News of Conservator Students at Columbia

Five new students began the three-year program in September 1990: Alan Balicki, Maria Bessa, Kathleen Donkin, Alexis Hagadorn, and Marjorie Young.

The second-year conservator students have mw gone to their third-year internships in the following laboratories:

Richard Horton - Northeast Document Conservation Center Rafael Reyes-Ayala - West Dean College, Sussex, England Olga Souza - Conservation Analytical Laboratory, Smithsonian Institution

Janice Stagnitto - Trinity College Library, Dublin Holley White - Pierpont Morgan Library, New York

In between these two classes is a class of six students who will begin their internships next fall: Claire Dekle, Erich Jacobs, Emily Ramos, Paula Schrynemakers, Fei-Wen Tsai, and Ursula Wille.

Workshops on Early Books as Physical Objects

A rare book firm based in England and Canada has arranged with a study center in Florence to present a series of workshops on early Renaissance books during August and September, and invites Americans to attend. All quite international and possibly confusing, except that the names of two or three of the instructors are familiar. Here are the facts, and details:

The rare book firm, from which information and registration materials are available, is Turvey, Walwyn and Associates Rare Books. In England they are at 79 Rutherford Dr., Over Hulton, Bolton, BL5 1DL. In Canada they are at 650 Parliament St., Suite 808, Toronto, M4x lR3 (416/9222171). They refer to these workshops as "International Courses on the Renaissance Book," and they will be given at the Centre for Rare Book Studies at the Centro di Dante Alighieri, Florence, in English, from August 5 to September 8, 1991. Each course is one week long and costs $475 U.S. for those who register before March 15 ($550 after that). The courses are:

Physical Evidence in Early Printed Books - Paul Needham

Development of Typography - instructor to be announced

Renaissance Bookbinding Structures - Christopher Clarkson

Structural History of the Book 1450-1600 - Richard Landon

Techniques of Bibliographical Analysis - Brett Walwyn

Courses include a large practical component, with examination of early books and binding methods in the workshop. Librarians, catalogers, conservators, bibliographers and scholars in Renaissance studies are particularly urged to attend. The tuition fee includes all course materials and field trips to archives and libraries.

Eight-Day Preservation Seminar for College Librarians

SOLINET's Preservation Program, in cooperation with the Commission on Preservation and Access's College Libraries Committee, is presenting a Preservation Training Seminar for College Librarians July 20-27 at Washington University in Lexington, VA. Registrants will be the College Libraries Committee on an application basis; deadline for application is March 15. Costs for tuition, roan and board are expected to be $1,200. Write SOLINET Preservation Program, 400 Colony Sq., Plaza Level, Atlanta, GA 30361-6301 (800/999-8558).

The seminar was designed for college librarians with part-time preservation responsibilities. It will cover every major aspect of preservation.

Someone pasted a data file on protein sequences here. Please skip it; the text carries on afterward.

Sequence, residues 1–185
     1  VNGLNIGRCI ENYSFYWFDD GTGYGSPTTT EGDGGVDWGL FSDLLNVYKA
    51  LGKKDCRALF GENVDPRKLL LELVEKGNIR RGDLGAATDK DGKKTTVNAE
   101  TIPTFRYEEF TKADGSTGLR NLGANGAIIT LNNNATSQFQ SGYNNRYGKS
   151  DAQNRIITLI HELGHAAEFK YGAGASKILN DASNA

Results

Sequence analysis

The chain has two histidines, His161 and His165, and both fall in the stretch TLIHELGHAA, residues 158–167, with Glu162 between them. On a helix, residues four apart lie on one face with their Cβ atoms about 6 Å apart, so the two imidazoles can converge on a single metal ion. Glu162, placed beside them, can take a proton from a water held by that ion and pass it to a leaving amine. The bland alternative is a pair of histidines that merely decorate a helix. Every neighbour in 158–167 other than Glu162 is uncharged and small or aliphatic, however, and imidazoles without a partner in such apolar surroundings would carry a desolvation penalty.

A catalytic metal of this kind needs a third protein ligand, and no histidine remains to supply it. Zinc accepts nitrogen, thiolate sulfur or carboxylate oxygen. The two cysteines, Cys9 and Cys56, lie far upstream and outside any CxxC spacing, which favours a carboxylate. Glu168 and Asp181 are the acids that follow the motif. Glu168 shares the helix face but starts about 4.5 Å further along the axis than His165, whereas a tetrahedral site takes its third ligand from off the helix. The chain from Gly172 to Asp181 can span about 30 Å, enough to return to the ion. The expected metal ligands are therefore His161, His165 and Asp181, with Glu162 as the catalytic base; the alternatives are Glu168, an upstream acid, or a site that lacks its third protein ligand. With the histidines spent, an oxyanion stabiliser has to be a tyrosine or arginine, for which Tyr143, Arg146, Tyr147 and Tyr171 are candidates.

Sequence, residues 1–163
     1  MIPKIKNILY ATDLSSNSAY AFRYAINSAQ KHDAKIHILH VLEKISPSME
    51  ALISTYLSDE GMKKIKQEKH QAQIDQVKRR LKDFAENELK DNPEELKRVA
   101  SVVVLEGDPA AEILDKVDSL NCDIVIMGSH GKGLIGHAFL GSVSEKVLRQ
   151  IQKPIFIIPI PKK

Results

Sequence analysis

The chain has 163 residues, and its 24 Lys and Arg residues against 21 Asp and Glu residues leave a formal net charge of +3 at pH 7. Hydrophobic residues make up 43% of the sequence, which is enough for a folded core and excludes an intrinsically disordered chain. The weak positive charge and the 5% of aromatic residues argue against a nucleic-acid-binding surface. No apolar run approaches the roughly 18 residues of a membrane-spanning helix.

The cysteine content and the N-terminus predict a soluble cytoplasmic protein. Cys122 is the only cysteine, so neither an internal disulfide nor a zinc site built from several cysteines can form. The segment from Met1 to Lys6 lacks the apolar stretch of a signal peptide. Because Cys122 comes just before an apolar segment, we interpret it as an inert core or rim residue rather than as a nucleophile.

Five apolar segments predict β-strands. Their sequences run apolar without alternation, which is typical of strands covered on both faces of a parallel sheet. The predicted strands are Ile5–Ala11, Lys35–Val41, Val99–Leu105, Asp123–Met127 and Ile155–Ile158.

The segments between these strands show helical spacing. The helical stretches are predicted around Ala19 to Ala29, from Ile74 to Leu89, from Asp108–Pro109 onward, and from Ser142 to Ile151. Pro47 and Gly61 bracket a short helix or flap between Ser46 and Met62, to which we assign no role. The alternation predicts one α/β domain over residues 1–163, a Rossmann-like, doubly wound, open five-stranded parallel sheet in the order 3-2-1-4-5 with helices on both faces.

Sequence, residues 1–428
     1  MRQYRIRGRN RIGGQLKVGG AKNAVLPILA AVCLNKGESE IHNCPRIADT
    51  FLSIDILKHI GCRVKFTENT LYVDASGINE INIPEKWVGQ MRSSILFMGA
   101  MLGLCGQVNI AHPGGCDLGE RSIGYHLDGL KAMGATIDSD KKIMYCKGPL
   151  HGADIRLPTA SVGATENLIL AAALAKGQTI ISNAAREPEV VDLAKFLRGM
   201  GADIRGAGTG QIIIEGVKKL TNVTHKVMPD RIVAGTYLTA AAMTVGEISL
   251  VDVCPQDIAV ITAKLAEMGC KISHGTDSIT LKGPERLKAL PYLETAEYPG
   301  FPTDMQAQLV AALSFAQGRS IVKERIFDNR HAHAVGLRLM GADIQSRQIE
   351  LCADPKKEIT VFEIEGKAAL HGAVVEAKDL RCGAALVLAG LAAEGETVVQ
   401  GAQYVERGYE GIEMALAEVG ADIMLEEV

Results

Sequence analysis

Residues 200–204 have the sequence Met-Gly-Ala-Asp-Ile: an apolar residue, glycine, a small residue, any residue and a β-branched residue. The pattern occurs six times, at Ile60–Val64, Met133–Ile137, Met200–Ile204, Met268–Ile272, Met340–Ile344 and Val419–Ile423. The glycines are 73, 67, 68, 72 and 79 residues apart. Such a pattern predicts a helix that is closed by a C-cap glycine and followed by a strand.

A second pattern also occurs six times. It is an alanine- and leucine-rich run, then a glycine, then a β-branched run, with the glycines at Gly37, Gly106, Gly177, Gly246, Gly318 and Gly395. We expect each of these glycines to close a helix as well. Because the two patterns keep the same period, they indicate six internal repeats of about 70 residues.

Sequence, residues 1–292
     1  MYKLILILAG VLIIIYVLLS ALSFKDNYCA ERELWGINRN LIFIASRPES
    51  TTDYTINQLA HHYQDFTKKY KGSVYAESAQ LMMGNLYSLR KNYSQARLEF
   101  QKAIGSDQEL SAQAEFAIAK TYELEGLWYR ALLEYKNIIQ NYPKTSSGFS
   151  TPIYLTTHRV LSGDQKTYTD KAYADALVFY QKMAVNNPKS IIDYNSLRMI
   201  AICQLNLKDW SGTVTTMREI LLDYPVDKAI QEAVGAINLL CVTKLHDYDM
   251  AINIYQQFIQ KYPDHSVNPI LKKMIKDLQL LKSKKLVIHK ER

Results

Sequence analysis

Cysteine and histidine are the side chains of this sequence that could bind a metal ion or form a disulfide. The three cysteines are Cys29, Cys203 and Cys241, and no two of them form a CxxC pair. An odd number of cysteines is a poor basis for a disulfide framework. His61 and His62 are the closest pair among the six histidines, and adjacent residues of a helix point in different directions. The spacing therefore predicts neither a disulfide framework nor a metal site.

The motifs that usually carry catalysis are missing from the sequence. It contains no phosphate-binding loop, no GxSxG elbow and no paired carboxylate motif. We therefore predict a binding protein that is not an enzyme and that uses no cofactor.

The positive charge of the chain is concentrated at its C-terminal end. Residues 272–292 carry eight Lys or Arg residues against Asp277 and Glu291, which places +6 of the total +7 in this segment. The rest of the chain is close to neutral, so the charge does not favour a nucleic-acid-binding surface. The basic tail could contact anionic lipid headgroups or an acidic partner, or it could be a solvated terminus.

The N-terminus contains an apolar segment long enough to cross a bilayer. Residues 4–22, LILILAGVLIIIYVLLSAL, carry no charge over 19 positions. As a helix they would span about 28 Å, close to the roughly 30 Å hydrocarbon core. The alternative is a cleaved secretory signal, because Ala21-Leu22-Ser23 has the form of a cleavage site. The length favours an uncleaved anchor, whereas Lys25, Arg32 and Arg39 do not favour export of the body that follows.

Campbell Center Courses Announced

The Campbell Center for Historic Preservation Studies (203 East Seminary, PO Box 66, Mount Carroll, IL 61053, 815/244-1173) will give 25 short courses from June through September, of which the following may be of interest to readers:

Environmental Monitoring and Control (Aug. 13-17)
Care of Photographic Collections/Debbie Hess Norris (July 11-13)
Care of Works of Art on Paper/Judith Walsh (July 23-27) Preservation of Library Materials (TBA)
Disaster Mitigation/Barbara Roberts (June 19-22)
Works of Art in Transit: Packing & Shipping/Blues Farley (July 24-27)
The Vellum Leaf - Treatment of Support & Media/Abigail Quandt (Sept. 24-28)

Course fees average $500-$600, including housing and two meals a day.

Humidification can be Dangerous to your Health

[The following notice, originally entitled "Steam Humidification Hazards," is reprinted from ACTS FACTS, Monona Rossol, Editor, 181 Thompson St., #23, New York, NY 10012. It summarizes an item in Mortality & Morbidity Weekly Report, CDC, Vol. 39, No. 4 , No-. 47, Nov. 30.

Dry winter air is often modified for health and comfort by releasing steam into the air. Apropos, the Centers for Disease Control published an article about a 1988 incident in which 77 employees in a manufacturing plant became ill when boiler steam used to humidify the air was contaminated with the corrosion-inhibiting chemicals diethylaminoethanol (DEAE) and cyclohexylamine.

The report also listed three previous clusters of illness related to boiler steam containing DEAE or related corrosion-inhibiting chemicals that were investigated by the National Institute for Occupational Safety and Health. One of these incidents was at an art museum where DEAE not only made people feel ill, but deposited on surfaces and caused damage to the varnish on paintings.

Steam humidification, properly used, can keep people comfortable and healthy, and keep artifacts from drying and cracking. Steam also can be used to create special effects in some entertainment facilities. However, the source of water for steam should be carefully monitored for contamination.

OSHA's Fines to Rise

One provision of the five-year deficit reduction package signed recently by President Bush provides for a seven-fold increase in the schedule of some OSHA penalties. For example, the maximum penalties for safety and health violations is raised from $1,000 to $7,000 per violation. In addition, the measure establishes a new minimum penalty of $5,000 for each willful violation and raises the allowable civil penalty for each willful or repeat violation from $10,000 to $70,000. [Reprinted from ACTS FACTS, Monona Rossol, Editor, 181 Thompson St., #23, New York, NY 100121